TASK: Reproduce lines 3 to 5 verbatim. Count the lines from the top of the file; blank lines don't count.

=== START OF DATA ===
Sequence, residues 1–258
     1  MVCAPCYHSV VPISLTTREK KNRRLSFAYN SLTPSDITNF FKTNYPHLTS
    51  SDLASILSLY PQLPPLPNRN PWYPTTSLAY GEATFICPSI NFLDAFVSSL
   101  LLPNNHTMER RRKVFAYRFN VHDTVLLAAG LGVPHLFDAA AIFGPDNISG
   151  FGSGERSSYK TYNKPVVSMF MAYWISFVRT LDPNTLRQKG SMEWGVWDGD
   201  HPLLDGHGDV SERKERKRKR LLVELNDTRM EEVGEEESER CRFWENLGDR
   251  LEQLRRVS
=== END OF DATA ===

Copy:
    51  SDLASILSLY PQLPPLPNRN PWYPTTSLAY GEATFICPSI NFLDAFVSSL
   101  LLPNNHTMER RRKVFAYRFN VHDTVLLAAG LGVPHLFDAA AIFGPDNISG
   151  FGSGERSSYK TYNKPVVSMF MAYWISFVRT LDPNTLRQKG SMEWGVWDGD